So, along with these technological improvements, we’ve also witnessed an increase in heritage destruction, especially in the Middle East. Syria, Iraq, and Yemen have witnessed some of the worst, and coming out of these two converging movements, CyArk launched Project Anqa in 2015, which comes from the Arabic word for Phoenix, which recognizes that while certain sites are inaccessible during conflict, there are other sites within the region that are available to be scanned. So it is possible to proactively document these sites on an emergency basis using these technologies.
So Project Anqa is a collaboration between ICOMOS, and the Yale Institute for the Preservation of Cultural Heritage. So during the launching of Project Anqa, CyArk applied for a grant from NCPTT for the creation of a low-cost documentation kit. The kit would allow users to deploy into the field quickly without the need for a laser scanner. In developing the kit, we were faced with the challenge of how we’re going to scale these models, and adjust this by including a laser DISTO. So, inside the kit it includes a digital camera, a laser DISTO, a tablet computer, as well as a GPS. Included as well are tutorials and video guides that leave best practices and how to complete data capture, processing and completion of the final products.
So CyArk completed several trainings, one to the University of Colorado at Denver, the Center for Environmental Management of Military Lands, and then a final training at the UNESCO offices in Beirut, Lebanon, where heritage professionals throughout the Middle East could come together. So, right now the kit is currently being utilized in Aleppo in Syria, and so I get WhatsApp updates from the team on the ground on how their documentation is progressing. This is some photos of us in the Beirut office, as well as our documentation of a site near in Lebanon, so there was frescoes and mosaics that the team captured. This is a throne room that was documented by the participants and then again like we saw previously, they uploaded the files to a Sketchfab. Finally, this is an image from within Damascus of students using the kit.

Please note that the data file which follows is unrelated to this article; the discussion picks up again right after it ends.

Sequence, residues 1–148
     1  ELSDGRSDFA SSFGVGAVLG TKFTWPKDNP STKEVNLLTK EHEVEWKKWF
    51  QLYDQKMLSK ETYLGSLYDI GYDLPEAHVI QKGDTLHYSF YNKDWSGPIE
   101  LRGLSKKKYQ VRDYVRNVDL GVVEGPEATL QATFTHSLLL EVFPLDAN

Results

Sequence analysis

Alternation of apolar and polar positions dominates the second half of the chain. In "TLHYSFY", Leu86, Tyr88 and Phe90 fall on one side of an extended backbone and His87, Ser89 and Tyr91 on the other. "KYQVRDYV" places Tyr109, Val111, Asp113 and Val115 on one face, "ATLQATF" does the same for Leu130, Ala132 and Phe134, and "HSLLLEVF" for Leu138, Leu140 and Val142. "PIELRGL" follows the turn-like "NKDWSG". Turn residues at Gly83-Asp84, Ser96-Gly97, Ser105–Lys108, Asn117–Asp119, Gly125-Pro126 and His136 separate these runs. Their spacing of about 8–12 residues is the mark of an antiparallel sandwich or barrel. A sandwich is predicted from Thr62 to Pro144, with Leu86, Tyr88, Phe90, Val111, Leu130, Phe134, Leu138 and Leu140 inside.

So, key takeaways from the kit reinforce our understanding that heritage groups want a training that equips them from beginning to end. From the capturing to the processing. And while the kit was designed to rely on photogrammetry, the situation on the ground is extremely dynamic, and some heritage institutions may have access to a laser scanner. For example, in Beirut, the Lebanese archeologists had access to an older Leica, and so our training incorporated also laser and scanning.
Recognizing these different technologies available to groups as well as the different conservation goals, CyArk has designed a series of workshops that will accompany any documentation project that we complete in the future. These workshops consist of 3D site documentation with laser scanning, terrestrial photogrammetry for point of interest documentation, and finally site plan generation through aerial imagery and GIS. We also have an introductory workshop that we give that gives a broad overview of all three. So these, again, are just reinforcing the three primary technologies that CyArk utilizes.
And while sites will differ on their different priorities, when it’s possible, CyArk attempts to use all three in any project that it completes, because we believe that the final model is much richer, and can be used for a variety of different heritage deliverables.
So, this suite of technologies was most recently used in Myanmar, where CyArk is actually currently there right now. We first traveled to Bagan, Myanmar in 2016, in June 2016. And if you’re not familiar, Bagan, Myanmar is this valley in central Myanmar where there’s over 3,000 Buddhist monuments that were built between the 11th and 12th centuries, and they’re built of unreinforced brick masonry. And so we documented using our different technologies and completed a training there, but unfortunately several months following our training, there was an earthquake in August of 2016, and many of the monuments were damaged.